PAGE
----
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It is entirely fitting that these essays on Judaism and Christianity should be published as Leo Baek’s last major work. For his first major work was his book on The Essence of Judaism, his reply to Harnack’s classic on The Essence of Christianity. In English, this point, which no German reader could miss, has been lost because Harnack’s book was translated under the title What is Christianity? Baeck’s thought was polemical from the beginning, and the central theme from beginning to end is his polemic against Christianity.
It might be fashionable to slur over this truth and to misrepresent the facts ever so slightly by saying that he wanted to reopen a dialogue between Judaism and Christianity, as if he had wanted to restore Judaism to the role of an equal partner. With his staggering politeness, he might even have put the matter that way himself. It is told that in his homiletics class he would often begin his comments on a trial sermon: “It was wonderful.” But after some generous compliments he would proceed, “If I may say just one thing”—and rip the sermon to shreds.
Baeck’s point was not that Judaism was not inferior to Christianity but rather that Judaism was distinctly superior. It is one of the oddities of our time that this view is scarcely ever discussed in public. Yet it would be very strange if it were not shared by most Jews; and Christian theologians must surely take for granted that this is at the very least the position of practically all rabbis. Most Christians are convinced of the immeasurable superiority of Christianity over all other religions, and quite especially over Judaism; but it is polite to grant that the Jew, of course, considers his religion the equal of Christianity; and it is the acme of liberalism to grant that, theoretically at least, he might be right. The view, however, that Christianity is inferior to Judaism is simply ignored.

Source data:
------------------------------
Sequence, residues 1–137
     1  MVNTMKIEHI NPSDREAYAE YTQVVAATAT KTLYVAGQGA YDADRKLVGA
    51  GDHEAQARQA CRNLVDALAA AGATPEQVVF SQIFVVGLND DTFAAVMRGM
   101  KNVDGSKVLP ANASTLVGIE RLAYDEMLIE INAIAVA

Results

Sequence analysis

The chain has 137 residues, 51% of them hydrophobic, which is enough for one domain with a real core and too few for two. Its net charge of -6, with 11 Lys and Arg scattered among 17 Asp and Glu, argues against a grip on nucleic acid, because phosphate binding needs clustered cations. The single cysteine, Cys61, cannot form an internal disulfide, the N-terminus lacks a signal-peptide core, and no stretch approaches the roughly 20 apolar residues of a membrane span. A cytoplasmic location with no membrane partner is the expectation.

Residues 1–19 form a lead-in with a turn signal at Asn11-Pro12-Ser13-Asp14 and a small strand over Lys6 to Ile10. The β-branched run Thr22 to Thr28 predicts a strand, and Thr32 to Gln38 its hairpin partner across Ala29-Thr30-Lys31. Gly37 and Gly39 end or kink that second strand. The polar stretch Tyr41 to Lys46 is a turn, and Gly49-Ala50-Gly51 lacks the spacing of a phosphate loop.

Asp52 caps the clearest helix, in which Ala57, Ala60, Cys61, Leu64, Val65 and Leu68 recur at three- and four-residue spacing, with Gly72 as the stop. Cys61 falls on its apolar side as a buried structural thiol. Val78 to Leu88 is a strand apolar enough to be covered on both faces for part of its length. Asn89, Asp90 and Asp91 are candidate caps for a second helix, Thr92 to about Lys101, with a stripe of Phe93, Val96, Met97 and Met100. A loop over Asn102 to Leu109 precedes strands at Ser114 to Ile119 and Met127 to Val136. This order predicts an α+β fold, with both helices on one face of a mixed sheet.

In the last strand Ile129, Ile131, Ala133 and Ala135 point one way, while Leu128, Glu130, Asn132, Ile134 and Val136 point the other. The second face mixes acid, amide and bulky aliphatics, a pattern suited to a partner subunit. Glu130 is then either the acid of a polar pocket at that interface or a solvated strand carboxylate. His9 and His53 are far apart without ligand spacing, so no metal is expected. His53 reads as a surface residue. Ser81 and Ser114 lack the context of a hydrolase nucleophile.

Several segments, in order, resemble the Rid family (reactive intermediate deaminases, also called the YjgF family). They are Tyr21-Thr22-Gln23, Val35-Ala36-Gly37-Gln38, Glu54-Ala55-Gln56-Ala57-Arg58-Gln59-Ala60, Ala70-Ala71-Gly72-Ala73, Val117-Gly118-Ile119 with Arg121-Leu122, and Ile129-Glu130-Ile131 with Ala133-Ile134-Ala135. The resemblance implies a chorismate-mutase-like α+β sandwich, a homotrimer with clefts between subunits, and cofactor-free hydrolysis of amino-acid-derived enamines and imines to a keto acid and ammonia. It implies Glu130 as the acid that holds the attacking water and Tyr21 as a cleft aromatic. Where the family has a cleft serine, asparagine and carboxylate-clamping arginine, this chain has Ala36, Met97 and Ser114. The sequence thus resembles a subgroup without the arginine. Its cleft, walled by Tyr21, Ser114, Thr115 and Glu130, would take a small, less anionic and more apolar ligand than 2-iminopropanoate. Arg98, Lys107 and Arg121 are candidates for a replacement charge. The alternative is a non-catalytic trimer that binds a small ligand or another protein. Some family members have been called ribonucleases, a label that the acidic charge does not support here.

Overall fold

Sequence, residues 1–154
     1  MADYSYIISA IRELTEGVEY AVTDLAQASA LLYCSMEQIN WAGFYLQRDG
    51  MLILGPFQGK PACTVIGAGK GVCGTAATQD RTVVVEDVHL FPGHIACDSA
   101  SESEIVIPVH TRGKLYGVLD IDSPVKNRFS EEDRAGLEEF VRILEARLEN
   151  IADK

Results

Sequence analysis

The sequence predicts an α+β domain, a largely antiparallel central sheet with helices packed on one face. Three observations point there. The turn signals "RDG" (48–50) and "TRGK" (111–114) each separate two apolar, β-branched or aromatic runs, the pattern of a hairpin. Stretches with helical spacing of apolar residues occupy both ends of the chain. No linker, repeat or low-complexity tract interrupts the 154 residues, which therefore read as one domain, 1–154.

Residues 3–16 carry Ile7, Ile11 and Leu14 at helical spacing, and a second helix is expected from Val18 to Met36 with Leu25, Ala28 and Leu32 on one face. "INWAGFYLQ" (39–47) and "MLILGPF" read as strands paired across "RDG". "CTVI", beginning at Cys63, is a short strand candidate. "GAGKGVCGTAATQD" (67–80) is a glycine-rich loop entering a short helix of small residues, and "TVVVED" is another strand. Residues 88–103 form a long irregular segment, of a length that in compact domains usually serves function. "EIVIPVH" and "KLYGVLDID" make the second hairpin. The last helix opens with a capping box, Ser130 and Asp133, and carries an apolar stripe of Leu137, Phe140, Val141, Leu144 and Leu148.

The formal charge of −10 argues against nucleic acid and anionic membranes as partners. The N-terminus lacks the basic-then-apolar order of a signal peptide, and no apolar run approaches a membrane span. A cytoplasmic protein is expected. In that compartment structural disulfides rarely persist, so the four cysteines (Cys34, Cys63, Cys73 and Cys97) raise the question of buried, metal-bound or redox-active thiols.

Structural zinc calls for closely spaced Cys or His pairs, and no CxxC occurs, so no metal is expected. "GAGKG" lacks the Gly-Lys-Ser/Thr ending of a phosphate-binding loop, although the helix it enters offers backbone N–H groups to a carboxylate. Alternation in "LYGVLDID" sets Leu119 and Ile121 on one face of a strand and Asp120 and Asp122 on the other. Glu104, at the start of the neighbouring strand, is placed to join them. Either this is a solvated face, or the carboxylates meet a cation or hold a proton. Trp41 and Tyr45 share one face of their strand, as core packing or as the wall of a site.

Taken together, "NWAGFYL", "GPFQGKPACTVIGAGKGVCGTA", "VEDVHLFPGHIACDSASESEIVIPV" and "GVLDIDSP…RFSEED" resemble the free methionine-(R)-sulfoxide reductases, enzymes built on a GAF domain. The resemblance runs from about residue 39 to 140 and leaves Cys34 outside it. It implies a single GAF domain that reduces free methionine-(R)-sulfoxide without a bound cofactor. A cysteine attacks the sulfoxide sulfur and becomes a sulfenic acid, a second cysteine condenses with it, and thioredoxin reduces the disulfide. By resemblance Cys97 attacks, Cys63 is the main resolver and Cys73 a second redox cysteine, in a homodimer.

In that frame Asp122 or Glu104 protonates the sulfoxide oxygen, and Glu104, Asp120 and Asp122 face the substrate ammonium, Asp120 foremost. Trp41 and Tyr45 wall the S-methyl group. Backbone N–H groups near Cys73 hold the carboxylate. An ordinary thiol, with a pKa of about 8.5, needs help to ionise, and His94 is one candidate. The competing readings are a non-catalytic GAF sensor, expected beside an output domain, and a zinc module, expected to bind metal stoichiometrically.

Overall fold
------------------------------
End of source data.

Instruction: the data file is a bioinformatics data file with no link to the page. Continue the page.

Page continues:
The Essence of Judaism could still be read as primarily a work of apologetics. The essays in the present volume are thoroughly militant in spirit, though so polite that those who merely browse in them might miss that fact. It would be a pity if they did. For whether one agrees with Baeck on particular points or not, what he here tries to do needs doing so badly.
Serious Christians should care to know in what respects one of the outstanding Jewish thinkers of our time considered their religion to be open to objections: not just Catholicism or Luther, or some few beliefs or excesses, but the very core of Christianity. Religion tends to become repulsive when it is not under attack, and it is often at its best when it is persecuted. German Judaism was a case in point; so, specifically, are Baeck’s essays. As Kierkegaard well knew, though his contemporary admirers seem to have forgotten it, Christianity needs less apologetics and more criticism. Serious Christians should therefore welcome Baeck’s Judaism and Christianity.
Readers who consider themselves neither Jews nor Christians may find these essays fascinating in two ways. First, they may view them as unusually interesting contributions to the history of ideas. Secondly, adopting the perspective suggested here, they may concentrate on the manner in which so proud and wise a man responded to a hostile world, and particularly to the challenge of Christianity: Baeck’s response differs not only from Heine’s and Kafka’s but also from Rosenzweig’s and Buber’s.